Princeton in Caldwell County, Kentucky — The American South (East South Central)
Black Patch War
Here on December 1, 1906, began Black Patch War, which lasted to the end of 1908. “Night Riders” fought against non-cooperative farmers and businessmen who opposed the dark tobacco pool.
Erected 2005 by Glenn E. Martin, Kentucky Historical Society and Kentucky Department of Highways. (Marker Number 145.)
Topics and series. This memorial is listed in these topic lists: Government & Politics • Horticulture & Forestry • Industry & Commerce. In addition, it is included in the Kentucky Historical Society series list.
Location. 37° 6.542′ N, 87° 52.936′ W. Marker is in Princeton, Kentucky, in Caldwell County. Memorial is at the intersection of North Harrison Street and West Main Street, on the left when traveling south on North Harrison Street. Marker is near the sidewalk at the southwest corner of the Caldwell County Courthouse, Courthouse Square, Princeton, Kentucky. Touch for map. Marker is at or near this postal address: 100 East Market Street, Princeton KY 42445, United States of America. Touch for directions.
Other nearby markers. At least 8 other markers are within walking distance of this Courthouse Burned (within shouting distance of this marker); County Named, 1809 (within shouting distance of this marker); William Prince, 1752-1810 / Founder of Princeton (about 500 feet away, measured in a direct line); Shandy Hall (Princeton) (about 500 feet away); Trail of Tears (about 500 feet away); a different marker also named Shandy Hall (Princeton) (about 600 feet away); Ogden Memorial United Methodist Church (about 800 feet away); Princeton First Baptist Church (approx. 0.2 miles away). Touch for a list and map of all markers in Princeton.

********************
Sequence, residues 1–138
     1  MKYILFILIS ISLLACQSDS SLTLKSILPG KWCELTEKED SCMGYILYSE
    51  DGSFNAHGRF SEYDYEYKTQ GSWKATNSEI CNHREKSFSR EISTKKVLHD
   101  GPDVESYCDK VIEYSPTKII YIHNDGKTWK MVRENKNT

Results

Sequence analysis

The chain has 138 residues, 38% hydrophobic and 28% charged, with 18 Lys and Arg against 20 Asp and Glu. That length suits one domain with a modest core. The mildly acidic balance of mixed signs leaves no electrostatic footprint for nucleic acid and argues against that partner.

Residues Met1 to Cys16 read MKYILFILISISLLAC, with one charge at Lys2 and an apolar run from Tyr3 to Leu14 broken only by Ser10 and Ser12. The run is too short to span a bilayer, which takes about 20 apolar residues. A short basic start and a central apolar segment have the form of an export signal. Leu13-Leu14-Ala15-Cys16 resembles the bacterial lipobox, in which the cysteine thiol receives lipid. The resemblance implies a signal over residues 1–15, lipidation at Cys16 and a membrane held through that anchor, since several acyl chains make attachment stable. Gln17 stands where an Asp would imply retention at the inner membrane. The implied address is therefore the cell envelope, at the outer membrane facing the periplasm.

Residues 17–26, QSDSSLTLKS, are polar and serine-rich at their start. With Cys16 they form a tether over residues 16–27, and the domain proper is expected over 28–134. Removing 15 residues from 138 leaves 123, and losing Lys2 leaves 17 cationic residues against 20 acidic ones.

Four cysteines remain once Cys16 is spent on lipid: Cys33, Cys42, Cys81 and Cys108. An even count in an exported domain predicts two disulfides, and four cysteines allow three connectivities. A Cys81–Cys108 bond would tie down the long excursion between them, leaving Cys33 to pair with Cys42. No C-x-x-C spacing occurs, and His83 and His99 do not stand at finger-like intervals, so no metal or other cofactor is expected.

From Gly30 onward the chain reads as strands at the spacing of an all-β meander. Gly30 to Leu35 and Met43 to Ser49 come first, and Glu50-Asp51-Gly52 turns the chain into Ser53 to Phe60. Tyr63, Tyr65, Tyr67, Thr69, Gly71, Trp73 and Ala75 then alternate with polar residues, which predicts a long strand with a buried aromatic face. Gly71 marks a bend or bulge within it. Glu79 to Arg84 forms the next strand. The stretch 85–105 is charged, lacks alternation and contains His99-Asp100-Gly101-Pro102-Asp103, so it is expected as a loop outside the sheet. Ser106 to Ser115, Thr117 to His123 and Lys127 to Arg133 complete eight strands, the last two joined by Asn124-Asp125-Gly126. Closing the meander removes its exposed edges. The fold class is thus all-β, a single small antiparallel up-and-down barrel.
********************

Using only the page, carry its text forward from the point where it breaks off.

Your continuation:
Also see . . .
1. War in the Black Patch (1906-1911).
During the period between 1900 and 1906 trouble began to brew among the tobacco men of the state, especially in the Black Patch area around Hopkinsville. the buyers had formed a trust and were controlling the market. (Submitted on November 25, 2014, by Cosmos Mariner of Cape Canaveral, Florida.)
2. Violence, Religion and the Black Patch War, 1904-1914.
The Black Patch region of Kentucky and Tennessee which took its name from the dark, heavy-leafed, fire-cured tobacco grown in the area, contained the proper human and physical characteristics to make it one of the major growing regions in the United States by 1900. (Submitted on November 25, 2014.)
Credits. This page was last revised on June 16, 2016. It was originally submitted on November 25, 2014, by Cosmos Mariner of Cape Canaveral, Florida. This page has been viewed 366 times since then and 24 times this year. Photos: 1, 2, 3, 4, 5, 6, 7. submitted on November 25, 2014, by Cosmos Mariner of Cape Canaveral, Florida. • Al Wolf was the editor who published this page.